Politically, culturally, and ecologically, 2017 was a year of anxiety. Hurricanes and flooding ravaged the Virgin Islands, Puerto Rico, and Texas. Political controversies dominated headlines and push-notifications. Relations with North Korea reached their lowest point in decades, raising fears of a nuclear standoff.
Economically, though, things remained stable in 2017. The economy continued to recover from the market crash of 2008, with unemployment reaching its lowest point in 17 years. Although homeownership is rebounding from its nadir last decade, renting now far outpaces ownership. According to a new report by the Joint Center for Housing Studies of Harvard University, renting households have been steadily rising since 2004, with 2017 marking the first slight decline in those 13 years. As of the middle of 2017, the JCHS estimates that there are about 43 million renters in the U.S. — more than a third of U.S. householders.
In an effort to give renters (and potential renters) market information in close to real time, ABODO releases monthly reports on rental trends throughout the year. Our Annual Rent Report is a more zoomed-out look at the year in renting. How did rent prices change nationally? At the state level? Where did rent increase the most over 2016, and where did it decline? Where are the 10 most expensive rental markets? Let’s start with a look at what happened nationwide.
Median Rent Nationwide
Nationally, rents were on the rise over the course of 2017. The national median rent for one-bedrooms rose 2.4%, ending the year at $1,040. Rents for two-bedroom apartments were $1,252 in December, 3% higher than they were in January.
But it didn’t always look like we were headed for an increase. One-bedroom median rents fell for much of the first quarter, and through June they were within 1.5 percentage points of January’s figure. In July, the median one-bedroom rent was $1,016 — exactly what it was in January. But the fall saw marked increases. The year’s most volatile months were October, November, and December, which saw the median rent increasing far more quickly than at any other time.
Two-bedroom rents exhibited similar stability through the first quarter before more sharp increases in the second. After a pause in the late summer and early Autumn, two-bedroom rents, like one-bedroom rents, saw their greatest hikes in the last three months of the year.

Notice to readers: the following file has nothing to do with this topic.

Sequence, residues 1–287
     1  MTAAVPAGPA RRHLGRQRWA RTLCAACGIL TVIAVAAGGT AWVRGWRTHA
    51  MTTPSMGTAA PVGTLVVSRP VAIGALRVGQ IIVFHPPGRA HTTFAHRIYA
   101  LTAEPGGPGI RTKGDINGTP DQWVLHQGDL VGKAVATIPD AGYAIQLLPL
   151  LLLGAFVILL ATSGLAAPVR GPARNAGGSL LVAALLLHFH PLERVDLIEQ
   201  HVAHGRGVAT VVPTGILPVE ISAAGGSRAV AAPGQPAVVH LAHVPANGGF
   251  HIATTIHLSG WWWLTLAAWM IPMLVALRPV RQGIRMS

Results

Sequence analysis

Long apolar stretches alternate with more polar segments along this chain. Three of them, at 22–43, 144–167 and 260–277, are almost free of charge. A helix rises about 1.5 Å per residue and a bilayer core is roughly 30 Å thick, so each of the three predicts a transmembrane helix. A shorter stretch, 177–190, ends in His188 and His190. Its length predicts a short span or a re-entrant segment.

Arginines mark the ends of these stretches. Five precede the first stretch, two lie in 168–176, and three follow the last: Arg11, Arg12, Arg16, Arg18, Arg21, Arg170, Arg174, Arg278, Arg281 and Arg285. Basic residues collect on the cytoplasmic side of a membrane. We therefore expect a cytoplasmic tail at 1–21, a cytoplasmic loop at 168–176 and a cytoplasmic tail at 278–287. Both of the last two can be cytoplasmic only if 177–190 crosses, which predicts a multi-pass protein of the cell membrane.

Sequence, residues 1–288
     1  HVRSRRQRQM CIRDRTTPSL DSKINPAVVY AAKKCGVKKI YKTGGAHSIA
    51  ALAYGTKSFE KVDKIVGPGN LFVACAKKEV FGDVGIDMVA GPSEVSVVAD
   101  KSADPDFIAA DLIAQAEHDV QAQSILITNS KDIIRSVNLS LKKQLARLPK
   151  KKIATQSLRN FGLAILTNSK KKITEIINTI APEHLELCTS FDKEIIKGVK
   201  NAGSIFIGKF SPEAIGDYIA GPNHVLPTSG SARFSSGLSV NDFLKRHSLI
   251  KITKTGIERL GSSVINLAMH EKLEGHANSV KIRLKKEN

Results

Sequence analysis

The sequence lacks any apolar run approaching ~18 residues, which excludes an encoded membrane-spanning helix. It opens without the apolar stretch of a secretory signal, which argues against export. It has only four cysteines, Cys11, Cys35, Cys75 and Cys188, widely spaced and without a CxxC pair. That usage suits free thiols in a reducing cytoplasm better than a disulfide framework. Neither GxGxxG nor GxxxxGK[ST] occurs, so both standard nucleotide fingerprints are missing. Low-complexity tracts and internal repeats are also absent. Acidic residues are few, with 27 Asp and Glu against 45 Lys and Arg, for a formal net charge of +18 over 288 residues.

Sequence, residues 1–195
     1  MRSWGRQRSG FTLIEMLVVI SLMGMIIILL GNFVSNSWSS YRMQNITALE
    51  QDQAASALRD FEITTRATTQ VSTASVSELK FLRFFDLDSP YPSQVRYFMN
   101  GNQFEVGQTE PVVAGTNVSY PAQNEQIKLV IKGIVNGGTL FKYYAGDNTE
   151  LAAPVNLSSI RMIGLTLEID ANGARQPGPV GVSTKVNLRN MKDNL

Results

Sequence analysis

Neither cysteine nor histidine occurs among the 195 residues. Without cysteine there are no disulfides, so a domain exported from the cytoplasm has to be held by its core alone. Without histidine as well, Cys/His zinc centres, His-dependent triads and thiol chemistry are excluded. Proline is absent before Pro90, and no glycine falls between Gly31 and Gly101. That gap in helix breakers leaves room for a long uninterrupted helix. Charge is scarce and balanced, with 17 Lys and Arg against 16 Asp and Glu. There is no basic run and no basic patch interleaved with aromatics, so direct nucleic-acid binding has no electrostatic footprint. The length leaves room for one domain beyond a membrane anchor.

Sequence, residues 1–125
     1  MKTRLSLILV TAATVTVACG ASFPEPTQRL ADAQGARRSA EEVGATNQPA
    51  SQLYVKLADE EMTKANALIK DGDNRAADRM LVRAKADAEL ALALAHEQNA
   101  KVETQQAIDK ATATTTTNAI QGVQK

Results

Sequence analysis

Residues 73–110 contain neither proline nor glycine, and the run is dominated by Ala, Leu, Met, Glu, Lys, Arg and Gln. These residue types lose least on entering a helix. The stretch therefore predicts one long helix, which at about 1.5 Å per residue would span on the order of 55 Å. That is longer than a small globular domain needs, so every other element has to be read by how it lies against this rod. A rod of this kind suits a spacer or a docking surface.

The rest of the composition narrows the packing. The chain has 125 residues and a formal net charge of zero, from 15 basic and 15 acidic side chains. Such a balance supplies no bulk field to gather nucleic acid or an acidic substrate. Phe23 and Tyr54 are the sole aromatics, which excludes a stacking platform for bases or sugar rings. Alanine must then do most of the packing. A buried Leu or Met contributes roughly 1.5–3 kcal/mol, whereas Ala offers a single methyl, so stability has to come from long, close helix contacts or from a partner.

Rent by State
Rent went up in 28 states last year, as well as the District of Columbia. It decreased in 21 states, and stayed the same in just one: South Dakota.
The states where rent fell most were Connecticut, where rent fell an average of 3.8% per month, Washington (-1.3%), and New Mexico (-1.1%). The states with the highest average rental hikes were Rhode Island, where rents rose an average of 7.8% per month, West Virginia (5.3%), and Wyoming (5.1%).
Honolulu, HI, and Seattle, WA — two rental markets known for their volatile prices — also make our top five for greatest average monthly change, up an average of 2.4% and 2.1% each month, respectively.
The greatest average decreases month to month were much smaller than increases across the board, but the largest average monthly decrease went to Fort Wayne, IN, dropping an average of 2.8% monthly. Lincoln, NE (-2.2%); El Paso, TX (-1.9%); Pittsburgh, PA (-1.7%), St. Paul, MN (-1.7%); and Nashville, TN (-1.6%) also had sizable decreases.
Notably, Fort Wayne, IN, holds its place for largest average monthly decrease for two-bedroom apartments, with an average monthly change of -2.8%. Six other cities also maintain a spot in our top 10 decreases: El Paso, TX (-1.6%); Pittsburgh, PA (-1.3%); Buffalo, NY (-2.1%); St. Paul, MN (-.8%); and Columbus, GA (-.9%). The most surprising city on the list is San Francisco, CA — continually labeled as the most expensive rental market in the country. Nonetheless, two-bedroom rents there dropped an average of .9% a month.
The composition of our top 10 average monthly two-bedroom rent increases also remains very similar to list for one-bedroom increases, although these increases are markedly less steep. New Orleans, LA, drops to #7, with an average increase of 1.4%, while Washington, D.C. takes its place at #1, with an average increase of 2.6%. Atlanta, GA, comes in at #2 with 2.3%, and Seattle, WA, holds its #4 slot with 1.7%, tied with the rate of Minneapolis, MN, apartments. Sacramento, CA crawls up the list from #10 to #8, with an increase of 1.3%.